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Guitar Doubling

Can anyone tell me why when I record two guitar parts with no changes in amp settings or mic positions and pan them both hard to one side it sounds like sh*te(single sounds better than double. Double sounds hollow and distant)? If I pan one hard left and then one around 11 o'clock it sounds fine. Is this some kind of phase issue or frequency boosting thing or what? Do you generally want to change mic positions and/or eq settings on the amp when you double? What am I missing here?


anonymous Tue, 04/11/2006 - 17:41

Well, the only problem with that is I thought you could only have phase issues when you were using two mics at once.....while in this case I am using the exact same setup twice on two takes. Who any rate....I would like to fix the issue as I doubling guitar tracks seems fairly integral to a big, thick guitar sound. Thanks.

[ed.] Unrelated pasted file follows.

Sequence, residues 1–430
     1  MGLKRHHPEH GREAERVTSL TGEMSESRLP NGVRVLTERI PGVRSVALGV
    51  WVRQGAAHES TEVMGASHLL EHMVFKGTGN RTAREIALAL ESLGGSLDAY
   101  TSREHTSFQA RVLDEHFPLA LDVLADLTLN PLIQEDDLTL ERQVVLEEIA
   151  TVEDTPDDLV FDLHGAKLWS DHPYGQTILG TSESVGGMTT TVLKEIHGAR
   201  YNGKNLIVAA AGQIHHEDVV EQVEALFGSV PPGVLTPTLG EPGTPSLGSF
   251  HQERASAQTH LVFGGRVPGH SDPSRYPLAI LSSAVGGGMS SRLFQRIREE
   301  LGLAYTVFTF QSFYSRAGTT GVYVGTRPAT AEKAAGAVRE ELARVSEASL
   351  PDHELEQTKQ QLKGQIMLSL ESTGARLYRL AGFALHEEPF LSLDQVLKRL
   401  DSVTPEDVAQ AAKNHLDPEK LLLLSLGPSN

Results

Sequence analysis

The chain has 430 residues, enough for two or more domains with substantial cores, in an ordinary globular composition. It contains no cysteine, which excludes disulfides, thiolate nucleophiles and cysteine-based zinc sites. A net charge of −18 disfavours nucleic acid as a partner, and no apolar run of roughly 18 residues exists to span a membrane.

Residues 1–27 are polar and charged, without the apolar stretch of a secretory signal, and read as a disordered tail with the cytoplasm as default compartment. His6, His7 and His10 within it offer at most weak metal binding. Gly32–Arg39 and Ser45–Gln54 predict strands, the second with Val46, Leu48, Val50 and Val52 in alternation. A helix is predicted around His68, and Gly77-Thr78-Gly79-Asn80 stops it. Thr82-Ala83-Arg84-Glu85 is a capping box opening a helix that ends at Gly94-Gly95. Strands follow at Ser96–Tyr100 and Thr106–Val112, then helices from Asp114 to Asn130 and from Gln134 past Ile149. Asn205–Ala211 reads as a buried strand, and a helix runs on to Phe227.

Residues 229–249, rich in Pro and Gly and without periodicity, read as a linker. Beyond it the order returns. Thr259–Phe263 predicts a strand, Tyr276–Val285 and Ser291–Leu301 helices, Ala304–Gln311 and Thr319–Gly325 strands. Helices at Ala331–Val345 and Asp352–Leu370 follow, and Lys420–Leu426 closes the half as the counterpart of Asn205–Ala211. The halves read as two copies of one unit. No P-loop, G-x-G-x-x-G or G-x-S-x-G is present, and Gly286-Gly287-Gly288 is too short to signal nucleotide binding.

CoyoteTrax Wed, 04/12/2006 - 07:18

I totally agree with the others. It may sound ridiculous but phase issues can occur when doubling tracks. However, it could also just simply be a timing and performance issue where the 2 seperate performances just are not spot on and your timing was off enough to creat such a vast chorusing effect that it sounds like phasing when you've panned the 2 fully hard L and R (an issue that can be remedied by panning 1 track just inside "hard L/R) like you've done). Tighten up the performance a bit and see if that helps or compensate by doing what you've already done.

Most multi-tracking applications have a phase button in the Trackview. If you do, try engaging that feature and listen for a difference to verify a phase issue.

Also, you can greatly reduce your chances of introducing phase issues when doubling tracks by tracking in mono versus stereo.

If you track using a mixer, the mixer could have summing issues that cause phase problems. That happens alot. In that case, tracking in true mono would greatly reduce chances of phase being a problem.



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